Not only did Mr. McCain win the popular vote in Michigan, he was poised to capture most if not all of the state's delegates, which are apportioned among the 16 congressional districts.

Michigan has 58 delegates, awarded on a proportional basis. The winner in each of the state's 16 congressional districts gets three delegates. The candidate who gets the most votes statewide is awarded 10 at-large delegates.

A state Republican Party spokesman said at 10 p.m. that Mr. McCain was leading in 13 of those districts, meaning he would capture at least 49 of the 58 delegates.

Arizona's 30 delegates went to Mr. McCain under its winner-take-all system.

Karl Rove, Mr. Bush's top strategist, gave grudging credit to Mr. McCain for pulling in so many Democrats.

"You have to tip your hat to him," Mr. Rove said. "He won them by 87 to 10 [percent]." He expressed skepticism that most of those Democrats would stay with the Republican nominee in November. Indeed, Democrats were exhorted to vote for Mr. McCain with a reminder that they could then return to their party.

He said Mr. Bush improved among independent voters in Michigan with 31 percent of that group, compared with 19 percent of the independent vote in New Hampshire.

Exit polls revealed that 30 percent of the voters yesterday were from union households. Of that group, 60 percent supported Mr. McCain. The same exit polls had 78 percent of blacks who voted yesterday picking Mr. McCain.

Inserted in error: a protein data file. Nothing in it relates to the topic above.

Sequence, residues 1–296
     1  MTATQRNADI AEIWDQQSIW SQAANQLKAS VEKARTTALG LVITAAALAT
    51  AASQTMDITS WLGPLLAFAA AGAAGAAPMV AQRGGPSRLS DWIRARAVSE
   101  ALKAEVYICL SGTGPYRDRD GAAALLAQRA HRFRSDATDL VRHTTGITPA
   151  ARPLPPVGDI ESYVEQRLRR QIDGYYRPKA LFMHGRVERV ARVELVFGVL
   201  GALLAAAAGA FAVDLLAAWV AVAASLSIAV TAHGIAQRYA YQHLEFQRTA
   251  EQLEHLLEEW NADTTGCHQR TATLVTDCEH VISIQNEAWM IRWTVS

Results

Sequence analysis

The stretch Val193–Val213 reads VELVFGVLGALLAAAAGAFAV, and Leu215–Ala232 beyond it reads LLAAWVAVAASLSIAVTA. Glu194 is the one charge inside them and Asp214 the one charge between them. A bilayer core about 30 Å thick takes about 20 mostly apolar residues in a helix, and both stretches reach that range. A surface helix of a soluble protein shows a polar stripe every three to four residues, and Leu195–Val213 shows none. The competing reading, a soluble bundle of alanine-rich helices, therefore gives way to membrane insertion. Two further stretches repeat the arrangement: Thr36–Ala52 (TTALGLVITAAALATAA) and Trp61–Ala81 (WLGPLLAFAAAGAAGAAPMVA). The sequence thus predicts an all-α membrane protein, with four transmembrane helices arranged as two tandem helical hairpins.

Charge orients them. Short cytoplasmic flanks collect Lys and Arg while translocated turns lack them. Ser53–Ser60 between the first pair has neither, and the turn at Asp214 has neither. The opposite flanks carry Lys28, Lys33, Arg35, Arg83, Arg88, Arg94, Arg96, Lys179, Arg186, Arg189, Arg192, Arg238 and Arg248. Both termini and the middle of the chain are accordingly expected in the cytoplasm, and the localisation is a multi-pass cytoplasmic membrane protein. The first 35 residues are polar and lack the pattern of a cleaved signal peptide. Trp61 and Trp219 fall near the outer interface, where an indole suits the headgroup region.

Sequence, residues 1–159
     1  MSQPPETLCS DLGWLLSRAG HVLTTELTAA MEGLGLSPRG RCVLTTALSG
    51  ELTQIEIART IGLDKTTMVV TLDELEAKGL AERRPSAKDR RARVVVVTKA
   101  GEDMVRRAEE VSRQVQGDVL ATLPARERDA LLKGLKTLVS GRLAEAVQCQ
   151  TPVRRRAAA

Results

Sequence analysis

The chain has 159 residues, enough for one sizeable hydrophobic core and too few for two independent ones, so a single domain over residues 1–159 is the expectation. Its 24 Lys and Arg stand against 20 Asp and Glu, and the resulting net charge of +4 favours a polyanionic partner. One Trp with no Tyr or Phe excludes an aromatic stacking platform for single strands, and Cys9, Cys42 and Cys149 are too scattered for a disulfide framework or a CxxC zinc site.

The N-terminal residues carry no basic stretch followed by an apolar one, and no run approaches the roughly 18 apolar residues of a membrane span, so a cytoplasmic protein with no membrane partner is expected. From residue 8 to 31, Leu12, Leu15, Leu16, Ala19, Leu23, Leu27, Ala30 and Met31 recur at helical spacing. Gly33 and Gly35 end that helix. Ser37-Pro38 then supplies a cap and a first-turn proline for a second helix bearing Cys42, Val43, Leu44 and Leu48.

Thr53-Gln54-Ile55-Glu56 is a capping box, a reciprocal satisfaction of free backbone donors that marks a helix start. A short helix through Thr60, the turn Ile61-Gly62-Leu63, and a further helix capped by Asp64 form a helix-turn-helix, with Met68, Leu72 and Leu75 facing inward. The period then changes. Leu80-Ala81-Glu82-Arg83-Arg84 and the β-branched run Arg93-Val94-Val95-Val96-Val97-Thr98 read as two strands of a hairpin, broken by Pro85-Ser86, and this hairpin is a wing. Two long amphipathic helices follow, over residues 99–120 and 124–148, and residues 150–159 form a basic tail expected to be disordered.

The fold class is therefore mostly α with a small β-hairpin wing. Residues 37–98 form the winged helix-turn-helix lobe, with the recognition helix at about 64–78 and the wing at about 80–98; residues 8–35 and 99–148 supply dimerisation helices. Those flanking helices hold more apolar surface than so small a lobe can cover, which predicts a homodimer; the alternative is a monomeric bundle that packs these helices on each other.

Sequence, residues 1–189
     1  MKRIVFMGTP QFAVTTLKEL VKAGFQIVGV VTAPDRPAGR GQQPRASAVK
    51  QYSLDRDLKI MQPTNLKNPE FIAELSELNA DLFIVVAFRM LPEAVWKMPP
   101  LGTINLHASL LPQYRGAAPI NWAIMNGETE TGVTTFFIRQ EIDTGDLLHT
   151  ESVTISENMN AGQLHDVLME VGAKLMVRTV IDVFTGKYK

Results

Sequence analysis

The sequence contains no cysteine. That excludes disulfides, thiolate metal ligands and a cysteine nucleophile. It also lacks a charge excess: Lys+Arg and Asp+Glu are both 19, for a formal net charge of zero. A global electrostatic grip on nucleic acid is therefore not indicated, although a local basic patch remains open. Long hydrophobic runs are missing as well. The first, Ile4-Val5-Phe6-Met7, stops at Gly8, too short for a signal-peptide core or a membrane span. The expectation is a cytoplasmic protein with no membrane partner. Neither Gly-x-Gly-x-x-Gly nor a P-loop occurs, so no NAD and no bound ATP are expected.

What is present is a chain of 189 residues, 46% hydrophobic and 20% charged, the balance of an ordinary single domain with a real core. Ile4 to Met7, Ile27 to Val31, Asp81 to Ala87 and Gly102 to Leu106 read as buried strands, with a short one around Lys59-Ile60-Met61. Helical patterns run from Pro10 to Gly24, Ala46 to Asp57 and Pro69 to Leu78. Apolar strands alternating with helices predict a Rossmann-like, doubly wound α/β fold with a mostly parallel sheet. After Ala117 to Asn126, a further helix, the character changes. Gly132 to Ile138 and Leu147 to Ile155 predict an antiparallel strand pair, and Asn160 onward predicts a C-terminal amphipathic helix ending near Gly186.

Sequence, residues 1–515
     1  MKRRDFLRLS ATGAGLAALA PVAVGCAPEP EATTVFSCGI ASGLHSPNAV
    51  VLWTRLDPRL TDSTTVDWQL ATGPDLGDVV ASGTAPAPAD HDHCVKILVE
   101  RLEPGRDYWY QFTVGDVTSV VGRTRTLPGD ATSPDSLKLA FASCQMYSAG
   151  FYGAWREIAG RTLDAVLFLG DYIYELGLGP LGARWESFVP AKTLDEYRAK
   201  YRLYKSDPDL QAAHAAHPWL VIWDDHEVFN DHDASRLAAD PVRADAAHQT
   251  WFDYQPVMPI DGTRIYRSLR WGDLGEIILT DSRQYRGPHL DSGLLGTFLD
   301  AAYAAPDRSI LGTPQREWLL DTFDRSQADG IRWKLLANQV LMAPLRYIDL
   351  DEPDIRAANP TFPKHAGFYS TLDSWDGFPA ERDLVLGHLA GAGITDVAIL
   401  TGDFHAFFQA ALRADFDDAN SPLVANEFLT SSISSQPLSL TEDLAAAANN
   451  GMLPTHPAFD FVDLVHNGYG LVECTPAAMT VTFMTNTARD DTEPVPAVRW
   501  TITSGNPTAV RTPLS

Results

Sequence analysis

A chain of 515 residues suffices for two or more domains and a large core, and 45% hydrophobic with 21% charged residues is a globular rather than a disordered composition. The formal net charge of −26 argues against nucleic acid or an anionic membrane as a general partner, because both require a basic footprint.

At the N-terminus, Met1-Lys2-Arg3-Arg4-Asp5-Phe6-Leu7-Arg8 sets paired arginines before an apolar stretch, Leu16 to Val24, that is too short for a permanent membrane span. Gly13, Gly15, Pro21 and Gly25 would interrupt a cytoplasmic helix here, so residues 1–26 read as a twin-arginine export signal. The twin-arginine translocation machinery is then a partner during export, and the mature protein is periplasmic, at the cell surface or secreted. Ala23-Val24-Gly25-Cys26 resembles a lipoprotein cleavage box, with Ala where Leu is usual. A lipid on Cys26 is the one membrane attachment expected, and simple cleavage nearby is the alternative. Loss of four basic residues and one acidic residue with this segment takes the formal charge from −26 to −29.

Voting was so heavy that extra ballots were ordered in many Michigan cities to accommodate demand. The Michigan Republican Party reported especially heavy absentee balloting in Detroit, where black ministers and a black Democratic state representative have urged largely Democratic congregations to vote for Mr. McCain to defy Gov. Engler.

Many Detroit residents accuse Mr. Engler of weakening social services in the city; they are angry that he initiated a state takeover of the Detroit public schools.

Exit polling showed that 15 percent of voters in Michigan said Mr. Engler "strongly influenced their vote." Of that group, Mr. McCain won by a margin of more than 3 to 1.

The campaign turned especially ugly in the waning hours of the Michigan primary, with surrogates for each side accusing the opponents of religious bigotry in recorded phone calls to voters.

Mr. Bush, campaigning yesterday in Royal Oak, Mich., blamed the McCain campaign for a message to voters that Mr. Bush is anti-Catholic because he spoke at Bob Jones University in Greenville, S.C., three weeks ago.

"He's calling me an anti-Catholic bigot, and I don't appreciate it," Mr. Bush told CNN. "My campaign manager here, John Engler, is a Catholic. My brother's a Catholic. My sister-in-law is a Catholic. And there's no excuse for that kind of politics. It's a ridiculous charge. The only reason it is still alive is because Senator McCain is making those calls into this state."

Mr. Bush flew last night to California, which holds its primary March 7. Mr. Bush will also campaign Friday, Monday and Tuesday in Virginia, where he is favored to win that day.

Mr. McCain has not campaigned in Virginia but listed it in his victory speech as among the states he will be moving onto. He travels today to Washington state, which also holds its primary next Tuesday.

The Bush campaign has operations in all 13 states that vote March 7.

"We've got real battles and we know it," Mr. Rove said.